shelf size limits for wire shelf supports? - Woodworking Talk - Woodworkers Forum
 
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post #1 of 6 Old 07-31-2012, 03:33 PM Thread Starter
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Post shelf size limits for wire shelf supports?

I am planning to use hidden wire shelf supports in a closet organizer (see http://www.leevalley.com/US/hardware...,43649&p=52465 for reference.) Does anyone have experience with how deep the shelf can be for a given size support? For instance, given an 11" support, what is the maximum shelf depth that it can safely support? Note that I'm not really concerned about weight capacity, just size.
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post #2 of 6 Old 07-31-2012, 04:19 PM
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These are also called "Magic wire shelf" or "Invisible wire shelf".

I have always considered these to be weak, since the shelf has a slot routed close to the front.

The ones I have experienced were knock-down furniture.

The shelf was perhaps only 3/4in deeper than the wire support.

The deeper you make the shelf, the more weight it needs to be designed to carry. Depth is weight capacity.

I would not make the shelves much deeper than the support. Heck, to be honest, I would try to use a stronger support.
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post #3 of 6 Old 08-07-2012, 01:11 PM Thread Starter
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Dave,

Thanks for your reply. The reason that I'd like to use these is that I want adjustable shelves and I like the fact that they disappear (aside from the extra holes, of course.) The shelves will go into a clothes closet so I'm not terribly concerned about weight. While I agree with your comment that "depth is weight capacity", I am more concerned about the stability question raised by having shelves substantially wider than the brackets.

As a result of your comments, I decided the best thing to do was test them. I build a test jig with a single shelf of my target depth (22"). The deepest brackets that I've found are just over 11", so there's an overhang of 5+" both front and back. The closet system, including shelves, will be built from 3/4" plywood. I loaded the shelf up with a good bit of weight (a large bench vise) and moved the weight to the front edge of the shelf, the weakest point. There was no failure over several days, so I conclude that for my use these things will work adequately. I started to get some cracking in the plywood shelf when I pushed down with a lot of my body weight. I think with 3/4" hardwood shelves, these things would be very strong.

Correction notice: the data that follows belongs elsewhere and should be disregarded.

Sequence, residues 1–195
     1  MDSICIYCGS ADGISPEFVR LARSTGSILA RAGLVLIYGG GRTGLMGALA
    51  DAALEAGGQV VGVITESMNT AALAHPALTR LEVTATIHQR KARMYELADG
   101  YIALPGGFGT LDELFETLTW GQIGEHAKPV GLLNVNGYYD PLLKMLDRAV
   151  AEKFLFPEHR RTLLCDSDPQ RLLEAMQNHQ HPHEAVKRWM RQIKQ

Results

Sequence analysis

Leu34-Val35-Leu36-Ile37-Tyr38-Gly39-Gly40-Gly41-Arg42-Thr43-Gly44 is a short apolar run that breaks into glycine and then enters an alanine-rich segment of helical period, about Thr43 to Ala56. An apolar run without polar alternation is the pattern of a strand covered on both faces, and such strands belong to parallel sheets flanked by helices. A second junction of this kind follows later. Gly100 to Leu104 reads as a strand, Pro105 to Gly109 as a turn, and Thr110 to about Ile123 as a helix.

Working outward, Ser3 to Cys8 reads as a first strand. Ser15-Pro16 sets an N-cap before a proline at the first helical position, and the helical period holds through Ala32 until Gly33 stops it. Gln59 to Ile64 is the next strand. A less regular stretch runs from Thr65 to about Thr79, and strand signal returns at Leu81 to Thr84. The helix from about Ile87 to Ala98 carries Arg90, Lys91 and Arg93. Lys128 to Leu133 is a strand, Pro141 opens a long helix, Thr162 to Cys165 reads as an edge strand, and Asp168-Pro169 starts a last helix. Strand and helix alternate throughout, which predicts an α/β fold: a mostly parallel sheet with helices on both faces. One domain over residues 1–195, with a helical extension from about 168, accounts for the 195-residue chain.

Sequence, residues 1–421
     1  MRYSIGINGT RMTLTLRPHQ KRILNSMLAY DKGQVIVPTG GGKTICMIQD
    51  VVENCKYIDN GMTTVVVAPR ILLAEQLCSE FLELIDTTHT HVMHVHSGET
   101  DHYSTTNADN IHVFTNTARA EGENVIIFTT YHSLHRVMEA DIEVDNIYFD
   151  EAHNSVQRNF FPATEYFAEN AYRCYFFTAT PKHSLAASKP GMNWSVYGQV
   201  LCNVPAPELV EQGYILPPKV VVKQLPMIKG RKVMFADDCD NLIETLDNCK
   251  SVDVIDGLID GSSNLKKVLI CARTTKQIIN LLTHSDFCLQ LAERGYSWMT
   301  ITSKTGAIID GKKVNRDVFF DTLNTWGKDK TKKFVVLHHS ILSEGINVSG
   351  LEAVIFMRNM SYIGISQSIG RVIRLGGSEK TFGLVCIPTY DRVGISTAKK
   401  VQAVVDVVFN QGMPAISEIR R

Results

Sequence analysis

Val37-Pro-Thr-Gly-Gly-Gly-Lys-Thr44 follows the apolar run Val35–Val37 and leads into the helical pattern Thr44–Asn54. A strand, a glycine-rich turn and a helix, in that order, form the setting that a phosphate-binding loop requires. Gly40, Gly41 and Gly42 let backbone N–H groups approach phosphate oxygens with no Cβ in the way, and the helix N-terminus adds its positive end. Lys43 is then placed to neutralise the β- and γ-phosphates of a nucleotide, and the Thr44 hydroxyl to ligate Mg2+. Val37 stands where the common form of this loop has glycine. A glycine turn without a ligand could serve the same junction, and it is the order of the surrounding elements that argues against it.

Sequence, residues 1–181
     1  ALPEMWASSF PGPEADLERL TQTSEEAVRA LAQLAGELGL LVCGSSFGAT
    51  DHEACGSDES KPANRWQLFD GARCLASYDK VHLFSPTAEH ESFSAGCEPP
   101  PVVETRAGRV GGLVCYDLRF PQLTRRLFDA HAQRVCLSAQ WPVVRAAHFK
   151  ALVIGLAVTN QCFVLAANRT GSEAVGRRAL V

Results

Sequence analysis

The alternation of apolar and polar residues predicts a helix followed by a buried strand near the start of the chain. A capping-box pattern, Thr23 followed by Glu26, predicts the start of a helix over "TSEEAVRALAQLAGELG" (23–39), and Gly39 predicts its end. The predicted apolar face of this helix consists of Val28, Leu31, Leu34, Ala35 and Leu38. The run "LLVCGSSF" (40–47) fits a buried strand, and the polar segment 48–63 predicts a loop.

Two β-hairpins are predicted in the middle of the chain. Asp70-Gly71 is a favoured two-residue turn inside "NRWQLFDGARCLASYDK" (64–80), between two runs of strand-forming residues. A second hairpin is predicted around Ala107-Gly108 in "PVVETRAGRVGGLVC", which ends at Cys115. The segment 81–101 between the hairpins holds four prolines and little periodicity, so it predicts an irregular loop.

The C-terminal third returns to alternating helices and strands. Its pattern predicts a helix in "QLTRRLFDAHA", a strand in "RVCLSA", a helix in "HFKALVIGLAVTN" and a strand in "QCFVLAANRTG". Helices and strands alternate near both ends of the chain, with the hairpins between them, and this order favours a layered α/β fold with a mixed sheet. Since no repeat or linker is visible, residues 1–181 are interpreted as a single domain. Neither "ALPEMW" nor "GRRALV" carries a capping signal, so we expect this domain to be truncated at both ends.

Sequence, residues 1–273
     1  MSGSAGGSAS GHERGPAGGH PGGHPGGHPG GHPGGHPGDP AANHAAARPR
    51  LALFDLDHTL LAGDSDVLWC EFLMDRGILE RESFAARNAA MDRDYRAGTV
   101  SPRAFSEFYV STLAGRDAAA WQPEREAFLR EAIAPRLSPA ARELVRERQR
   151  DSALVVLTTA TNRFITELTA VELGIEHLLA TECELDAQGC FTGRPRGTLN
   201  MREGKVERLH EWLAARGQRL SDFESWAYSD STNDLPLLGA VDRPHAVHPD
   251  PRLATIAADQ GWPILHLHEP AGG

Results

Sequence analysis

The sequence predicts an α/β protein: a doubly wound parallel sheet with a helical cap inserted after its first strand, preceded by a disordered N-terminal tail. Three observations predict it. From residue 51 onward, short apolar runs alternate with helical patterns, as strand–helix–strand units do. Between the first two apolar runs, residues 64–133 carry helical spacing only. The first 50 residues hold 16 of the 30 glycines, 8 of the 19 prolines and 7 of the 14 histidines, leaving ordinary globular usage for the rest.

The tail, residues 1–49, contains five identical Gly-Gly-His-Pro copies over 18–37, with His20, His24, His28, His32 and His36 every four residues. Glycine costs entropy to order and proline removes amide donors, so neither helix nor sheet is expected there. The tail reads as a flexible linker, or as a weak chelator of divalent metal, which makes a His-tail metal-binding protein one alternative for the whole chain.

Although I think that the single bracket would be sufficient for my use, I have decided to err on the side of caution and add a second set of brackets to spread the load more fully across the depth of the shelf. Now I'll have a total of about 17" of bracket for a 22" deep shelf.

One last point: the strength of the overall system will be somewhat dependent on the tolerances of the bracket holes and shelf kerfs, so I was careful to get both as snug as I could.
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post #4 of 6 Old 08-07-2012, 01:59 PM
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I had wondered if anything was happening. I love to see a test.

Your test was good, and looks like you have determined the boundaries for loads on the desired depth of shelf.

The reason I am not fond of the wire supports is that less than 1/2 the depth of the shelf has to take all the load.

If you are mostly interested in hiding the support, the "B" items in this link can be hidden by drilling a hole in the side of the shelf.

http://www.leevalley.com/US/hardware...648,43649&ap=1

I saw some shelf pins which were round and flat and intended to be mounted in holes drilled in the underside of the shelf.
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post #5 of 6 Old 08-07-2012, 03:16 PM
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The other option is to use two shorter supports, say two eight inch ones per side. This gives the ability to space them to provide a twenty inch span with a gap between them.

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post #6 of 6 Old 08-08-2012, 12:17 PM Thread Starter
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Thanks, jigs.

That's exactly what I've done. My test indicated that I would probably be safe with an 11" bracket for a 22" shelf, but I decided to be safe and use two pairs on each side, giving me a total of about 18" of bracket for a 22" shelf. I think this will be more than sufficient for my application.
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